• by bcarlson@marketresearch.com
  • January 26 2016


India and China IVD Markets Defy Economic Headlines

India and China IVD Markets Defy Economic Headlines

While in vitro diagnostic testing is not immune to general economic conditions, it is somewhat shielded by its own set of market dynamics not always attached to stock prices and quarterly results.  Healthcare spending and hospital construction, underserved populations and increasing urban migration drive tests.   Kalorama has just released IVD in India:  http://www.kaloramainformation.com/IVD-India-9596771/   Our current study of Indian IVD markets finds growth despite recent concerns about Asian markets broadly. Really, it can be said that both China and India have better IVD market prospects than GDP growth expectations set by economists. With a combined $3.2 billion in 2015 sales, India and China currently account for over 6% of the world’s IVD market. However, while overall market will expand by about 4% per year through 2020, India is expected to grow by 13% per year from $782 million to $1.4 billion and China will rise by over 14% per year from $2.5 billion to $4.8 billion, making them the world’s most quickly growing IVD markets. In both countries, growth will be supported by a steadily expanding population, modernizing healthcare infrastructure and continued migration from manual to automated processes.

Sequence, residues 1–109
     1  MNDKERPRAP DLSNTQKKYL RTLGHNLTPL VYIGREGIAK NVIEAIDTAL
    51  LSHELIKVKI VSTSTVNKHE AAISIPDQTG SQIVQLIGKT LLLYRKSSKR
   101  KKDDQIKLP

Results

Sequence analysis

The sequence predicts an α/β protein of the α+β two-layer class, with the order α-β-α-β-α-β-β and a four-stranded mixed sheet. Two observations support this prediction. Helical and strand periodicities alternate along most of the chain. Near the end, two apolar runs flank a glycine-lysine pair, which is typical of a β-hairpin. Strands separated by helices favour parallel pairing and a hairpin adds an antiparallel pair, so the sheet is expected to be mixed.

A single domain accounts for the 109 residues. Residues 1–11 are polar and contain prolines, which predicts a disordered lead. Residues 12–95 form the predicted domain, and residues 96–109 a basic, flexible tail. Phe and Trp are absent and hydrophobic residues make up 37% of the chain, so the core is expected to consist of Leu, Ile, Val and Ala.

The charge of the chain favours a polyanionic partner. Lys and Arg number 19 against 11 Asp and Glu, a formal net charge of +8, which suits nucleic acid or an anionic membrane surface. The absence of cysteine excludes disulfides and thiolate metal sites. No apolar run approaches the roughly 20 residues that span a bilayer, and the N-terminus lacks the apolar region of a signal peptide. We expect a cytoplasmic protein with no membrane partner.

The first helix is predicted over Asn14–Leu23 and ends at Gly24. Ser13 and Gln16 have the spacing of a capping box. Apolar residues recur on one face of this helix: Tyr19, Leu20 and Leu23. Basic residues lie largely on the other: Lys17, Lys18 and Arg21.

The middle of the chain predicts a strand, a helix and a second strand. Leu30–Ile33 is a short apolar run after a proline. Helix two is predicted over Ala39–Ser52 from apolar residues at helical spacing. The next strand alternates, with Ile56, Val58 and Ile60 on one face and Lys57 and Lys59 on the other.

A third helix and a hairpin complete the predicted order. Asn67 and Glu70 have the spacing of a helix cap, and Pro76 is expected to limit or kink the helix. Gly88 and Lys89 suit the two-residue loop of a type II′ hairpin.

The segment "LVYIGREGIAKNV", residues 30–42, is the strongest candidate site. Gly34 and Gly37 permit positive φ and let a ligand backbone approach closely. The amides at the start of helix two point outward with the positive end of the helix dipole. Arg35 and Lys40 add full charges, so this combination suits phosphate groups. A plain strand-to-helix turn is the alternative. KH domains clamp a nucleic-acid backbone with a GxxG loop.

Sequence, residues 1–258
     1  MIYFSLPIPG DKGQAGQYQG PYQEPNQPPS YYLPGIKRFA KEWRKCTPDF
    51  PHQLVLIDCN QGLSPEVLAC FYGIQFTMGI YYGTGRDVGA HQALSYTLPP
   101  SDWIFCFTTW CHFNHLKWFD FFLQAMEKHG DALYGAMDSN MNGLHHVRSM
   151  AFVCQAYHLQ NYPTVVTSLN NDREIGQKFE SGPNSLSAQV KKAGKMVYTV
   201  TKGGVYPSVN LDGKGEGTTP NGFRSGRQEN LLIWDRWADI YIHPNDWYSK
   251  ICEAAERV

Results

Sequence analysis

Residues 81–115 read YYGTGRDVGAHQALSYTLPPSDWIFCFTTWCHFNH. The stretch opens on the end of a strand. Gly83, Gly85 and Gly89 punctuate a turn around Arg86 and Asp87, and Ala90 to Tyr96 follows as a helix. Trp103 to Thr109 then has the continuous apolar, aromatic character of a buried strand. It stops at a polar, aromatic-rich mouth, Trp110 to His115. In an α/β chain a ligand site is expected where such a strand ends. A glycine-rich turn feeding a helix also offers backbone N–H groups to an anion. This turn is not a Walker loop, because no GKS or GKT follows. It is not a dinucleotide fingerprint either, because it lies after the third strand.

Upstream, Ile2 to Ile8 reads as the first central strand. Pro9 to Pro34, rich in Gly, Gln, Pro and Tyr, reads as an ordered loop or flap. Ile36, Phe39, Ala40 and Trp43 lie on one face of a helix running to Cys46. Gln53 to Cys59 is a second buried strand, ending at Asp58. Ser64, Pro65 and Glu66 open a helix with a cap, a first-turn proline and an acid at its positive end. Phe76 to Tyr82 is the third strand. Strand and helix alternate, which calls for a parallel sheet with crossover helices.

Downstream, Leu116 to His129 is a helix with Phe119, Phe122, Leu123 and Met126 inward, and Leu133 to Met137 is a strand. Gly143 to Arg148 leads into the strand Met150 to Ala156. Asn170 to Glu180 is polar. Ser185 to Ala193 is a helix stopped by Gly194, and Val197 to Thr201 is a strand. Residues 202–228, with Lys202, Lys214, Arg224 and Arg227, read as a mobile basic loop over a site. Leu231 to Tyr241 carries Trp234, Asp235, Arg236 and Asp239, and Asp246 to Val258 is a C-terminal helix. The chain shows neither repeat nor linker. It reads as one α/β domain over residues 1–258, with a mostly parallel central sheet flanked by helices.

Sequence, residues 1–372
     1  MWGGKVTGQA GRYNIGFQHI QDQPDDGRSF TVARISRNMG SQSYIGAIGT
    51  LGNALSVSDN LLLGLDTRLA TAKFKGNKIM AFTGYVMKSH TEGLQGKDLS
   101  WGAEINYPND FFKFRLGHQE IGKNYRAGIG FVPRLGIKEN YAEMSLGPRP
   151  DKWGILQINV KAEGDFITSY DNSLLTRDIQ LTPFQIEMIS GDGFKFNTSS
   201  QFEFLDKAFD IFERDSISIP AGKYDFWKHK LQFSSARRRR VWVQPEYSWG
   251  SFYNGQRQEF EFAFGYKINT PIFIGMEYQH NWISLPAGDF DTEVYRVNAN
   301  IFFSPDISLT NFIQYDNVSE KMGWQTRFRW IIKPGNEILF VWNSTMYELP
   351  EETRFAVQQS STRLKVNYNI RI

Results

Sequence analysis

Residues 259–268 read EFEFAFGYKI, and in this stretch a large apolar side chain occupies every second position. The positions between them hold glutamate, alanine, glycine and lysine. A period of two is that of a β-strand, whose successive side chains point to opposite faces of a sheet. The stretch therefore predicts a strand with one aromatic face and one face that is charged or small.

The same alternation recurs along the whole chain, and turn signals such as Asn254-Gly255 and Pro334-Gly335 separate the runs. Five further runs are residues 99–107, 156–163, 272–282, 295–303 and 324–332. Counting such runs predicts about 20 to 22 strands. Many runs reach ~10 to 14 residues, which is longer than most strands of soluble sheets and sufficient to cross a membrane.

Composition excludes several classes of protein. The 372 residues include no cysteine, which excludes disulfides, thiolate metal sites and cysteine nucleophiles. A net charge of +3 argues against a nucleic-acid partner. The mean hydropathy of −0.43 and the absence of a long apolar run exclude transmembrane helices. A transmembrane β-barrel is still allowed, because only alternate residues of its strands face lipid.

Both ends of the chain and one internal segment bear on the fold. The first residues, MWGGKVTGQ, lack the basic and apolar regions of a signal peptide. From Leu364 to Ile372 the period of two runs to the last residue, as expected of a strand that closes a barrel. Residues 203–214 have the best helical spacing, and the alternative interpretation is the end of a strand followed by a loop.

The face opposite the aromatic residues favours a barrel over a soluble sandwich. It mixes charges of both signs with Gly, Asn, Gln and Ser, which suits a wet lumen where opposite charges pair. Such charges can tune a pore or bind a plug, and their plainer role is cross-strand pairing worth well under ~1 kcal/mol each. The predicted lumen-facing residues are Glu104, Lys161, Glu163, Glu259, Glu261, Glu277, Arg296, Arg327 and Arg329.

As of 2015, China was the largest country in the world with over 1.3 billion persons and a 0.5% annual growth rate. India followed closely with 1.2 billion persons rising by 1.3% per year. Seniors, who tend to require a substantially greater level of healthcare services than younger persons, will particularly drive growth, as the 65-and-older population in China and India alone exceeded 200 million in 2015, or approximately one-third of the world’s total older population. The same population in both countries is projected to reach 551 million in 2040 (329 million in China and 222 million in India). 

Both countries are leveraging continued strong economic growth to steadily improve their healthcare infrastructures. India’s GDP has ranged from 3.9% to 10.3%. In both India and China, urban centers, which account for about one third of the total population, now offer considerably better-equipped and better-funded healthcare facilities compared with rural areas. These centers cater to a growing middle-class and affluent patient base with greater reimbursement and coverage.